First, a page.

Here’s where the next major resistance to clear Bitcoin could lie from the perspective of on-chain analysis.
Bitcoin Resistances According To On-Chain Data
Bitcoin has recently observed a surge beyond the $27,000 mark, and many have been wondering how long this fresh rally could continue for the cryptocurrency. One way to determine this could perhaps be by looking at where the major resistance levels are.
In terms of on-chain analysis, “resistance” generally lies in regions where many investors have their cost basis present because of how holder psychology tends to work.
The “cost basis” here refers to the average price at which an investor buys coins. When the spot price is below a holder’s cost basis, they are in a net amount of loss.
Once BTC returns to the investor’s acquisition price, they may want to sell, as at least that way, they would have avoided exiting at any losses. Due to this reason, whenever a large number of investors have their cost basis present inside a particular price range, the range could provide resistance to the asset because of the volume of selling pressure that may arise in it.
Now, here is what the different Bitcoin price ranges look like in terms of investor cost basis concentration, according to data from the market intelligence platform IntoTheBlock:
The different support and resistance levels according to on-chain data | Source: IntoTheBlock on X
As displayed above, the following particularly thick cost basis range is $25,853 to $29,662. “Key resistance is anticipated around $29.2K — a point of acquisition for over 1.77M addresses,” explains IntoTheBlock.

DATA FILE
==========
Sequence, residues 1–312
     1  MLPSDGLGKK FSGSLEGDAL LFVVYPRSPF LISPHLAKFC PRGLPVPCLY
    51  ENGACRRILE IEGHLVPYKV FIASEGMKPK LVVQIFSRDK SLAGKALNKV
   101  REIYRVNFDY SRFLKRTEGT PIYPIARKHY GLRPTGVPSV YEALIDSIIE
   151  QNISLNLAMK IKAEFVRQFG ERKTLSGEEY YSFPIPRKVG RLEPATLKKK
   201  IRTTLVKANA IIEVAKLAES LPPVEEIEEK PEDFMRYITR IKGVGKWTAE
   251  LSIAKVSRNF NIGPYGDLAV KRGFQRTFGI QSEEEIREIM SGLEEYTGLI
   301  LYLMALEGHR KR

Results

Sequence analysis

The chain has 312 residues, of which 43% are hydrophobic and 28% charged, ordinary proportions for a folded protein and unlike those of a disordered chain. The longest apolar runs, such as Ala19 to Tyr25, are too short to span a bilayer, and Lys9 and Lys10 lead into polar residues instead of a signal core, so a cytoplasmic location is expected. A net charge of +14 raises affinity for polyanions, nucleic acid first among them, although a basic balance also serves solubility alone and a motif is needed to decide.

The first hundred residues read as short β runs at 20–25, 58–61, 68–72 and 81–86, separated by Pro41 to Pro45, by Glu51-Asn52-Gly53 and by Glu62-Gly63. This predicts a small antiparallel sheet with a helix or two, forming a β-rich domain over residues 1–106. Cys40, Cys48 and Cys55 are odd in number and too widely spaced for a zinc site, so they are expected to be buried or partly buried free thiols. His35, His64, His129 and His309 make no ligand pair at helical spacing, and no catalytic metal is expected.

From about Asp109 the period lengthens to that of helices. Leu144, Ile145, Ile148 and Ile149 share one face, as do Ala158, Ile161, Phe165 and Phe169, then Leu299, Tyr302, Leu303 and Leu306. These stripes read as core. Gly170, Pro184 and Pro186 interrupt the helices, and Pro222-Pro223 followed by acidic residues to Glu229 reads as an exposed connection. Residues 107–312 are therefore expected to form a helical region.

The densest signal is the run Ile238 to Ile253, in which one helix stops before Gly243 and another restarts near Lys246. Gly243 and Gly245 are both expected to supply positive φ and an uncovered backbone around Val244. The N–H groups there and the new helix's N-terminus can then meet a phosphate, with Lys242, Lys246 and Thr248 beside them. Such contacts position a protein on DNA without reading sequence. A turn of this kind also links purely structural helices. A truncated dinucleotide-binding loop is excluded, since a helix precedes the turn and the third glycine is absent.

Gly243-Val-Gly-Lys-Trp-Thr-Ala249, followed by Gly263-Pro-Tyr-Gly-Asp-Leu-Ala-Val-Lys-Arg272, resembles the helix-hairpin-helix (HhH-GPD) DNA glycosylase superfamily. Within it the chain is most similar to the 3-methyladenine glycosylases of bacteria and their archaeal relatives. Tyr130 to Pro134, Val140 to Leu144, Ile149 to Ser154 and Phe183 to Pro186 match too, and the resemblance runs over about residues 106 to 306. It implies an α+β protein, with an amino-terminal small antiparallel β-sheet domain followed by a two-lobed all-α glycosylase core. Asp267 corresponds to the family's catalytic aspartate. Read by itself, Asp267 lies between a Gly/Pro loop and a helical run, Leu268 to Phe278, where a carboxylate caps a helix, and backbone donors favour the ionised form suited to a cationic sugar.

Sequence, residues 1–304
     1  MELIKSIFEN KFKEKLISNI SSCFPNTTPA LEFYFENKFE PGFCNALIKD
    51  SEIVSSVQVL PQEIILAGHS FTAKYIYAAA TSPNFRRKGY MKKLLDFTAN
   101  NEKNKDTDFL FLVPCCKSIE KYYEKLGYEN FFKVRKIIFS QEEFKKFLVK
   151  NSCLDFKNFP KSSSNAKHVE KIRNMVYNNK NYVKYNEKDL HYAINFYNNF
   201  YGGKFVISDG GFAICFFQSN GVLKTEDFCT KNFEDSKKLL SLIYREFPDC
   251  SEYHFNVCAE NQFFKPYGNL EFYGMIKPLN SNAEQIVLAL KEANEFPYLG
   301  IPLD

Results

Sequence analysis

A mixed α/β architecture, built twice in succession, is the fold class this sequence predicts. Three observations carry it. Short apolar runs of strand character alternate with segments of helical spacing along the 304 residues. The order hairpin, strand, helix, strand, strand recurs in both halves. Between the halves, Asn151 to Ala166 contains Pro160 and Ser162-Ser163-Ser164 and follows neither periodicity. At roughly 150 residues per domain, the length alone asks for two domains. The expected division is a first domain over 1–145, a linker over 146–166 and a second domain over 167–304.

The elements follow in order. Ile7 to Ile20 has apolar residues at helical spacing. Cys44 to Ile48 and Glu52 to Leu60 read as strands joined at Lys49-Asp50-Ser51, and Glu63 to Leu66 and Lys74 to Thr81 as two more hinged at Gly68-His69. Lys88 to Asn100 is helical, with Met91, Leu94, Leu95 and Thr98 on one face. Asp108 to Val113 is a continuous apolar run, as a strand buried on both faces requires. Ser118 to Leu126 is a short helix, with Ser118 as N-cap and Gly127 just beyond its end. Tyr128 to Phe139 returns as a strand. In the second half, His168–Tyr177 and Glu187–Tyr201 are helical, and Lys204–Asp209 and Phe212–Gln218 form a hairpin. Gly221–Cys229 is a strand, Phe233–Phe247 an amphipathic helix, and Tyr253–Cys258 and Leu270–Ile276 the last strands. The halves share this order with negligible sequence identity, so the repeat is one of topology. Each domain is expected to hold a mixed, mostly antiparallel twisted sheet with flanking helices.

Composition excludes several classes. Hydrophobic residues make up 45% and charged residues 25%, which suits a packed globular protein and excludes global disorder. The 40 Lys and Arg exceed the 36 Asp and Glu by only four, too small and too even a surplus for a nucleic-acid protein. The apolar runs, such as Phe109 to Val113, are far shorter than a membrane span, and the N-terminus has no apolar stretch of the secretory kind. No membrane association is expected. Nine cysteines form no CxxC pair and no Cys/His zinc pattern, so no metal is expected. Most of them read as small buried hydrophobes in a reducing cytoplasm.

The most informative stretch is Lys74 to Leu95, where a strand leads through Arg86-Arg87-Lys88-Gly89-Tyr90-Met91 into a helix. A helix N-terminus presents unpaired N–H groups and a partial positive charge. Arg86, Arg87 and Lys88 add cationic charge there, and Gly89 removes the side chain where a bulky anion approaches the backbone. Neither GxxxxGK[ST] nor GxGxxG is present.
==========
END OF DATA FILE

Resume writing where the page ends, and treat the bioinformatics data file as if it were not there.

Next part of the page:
The $27,200 to $28,000 range (the range just after the current spot price of the cryptocurrency) isn’t exactly thin, either, but it has notably fewer investors than the other one. The following range, $28,000 to $28,853, doesn’t have many investors, so if BTC can clear the upcoming range, the run-up to nearly $29,000 may be clear.
While investor cost basis can act as resistance on retests from below, they can also support when being touched from up. The reason behind this could be that an investor that had earlier been in profits might have reason to believe the asset would go up again, so they might buy more at their cost basis, thinking it to be a profitable entry point.
From the image, it’s apparent that both the ranges just below the current price are very thick with addresses because Bitcoin had earlier consolidated at these price levels for a significant time.
It might be due to these strong support levels that when the asset had retraced back to $26,600 yesterday, it quickly found a rebound to the current price level.
At the time of writing, Bitcoin is floating around the $27,200 level, up 4% during the past seven days.
Source: Read Full Article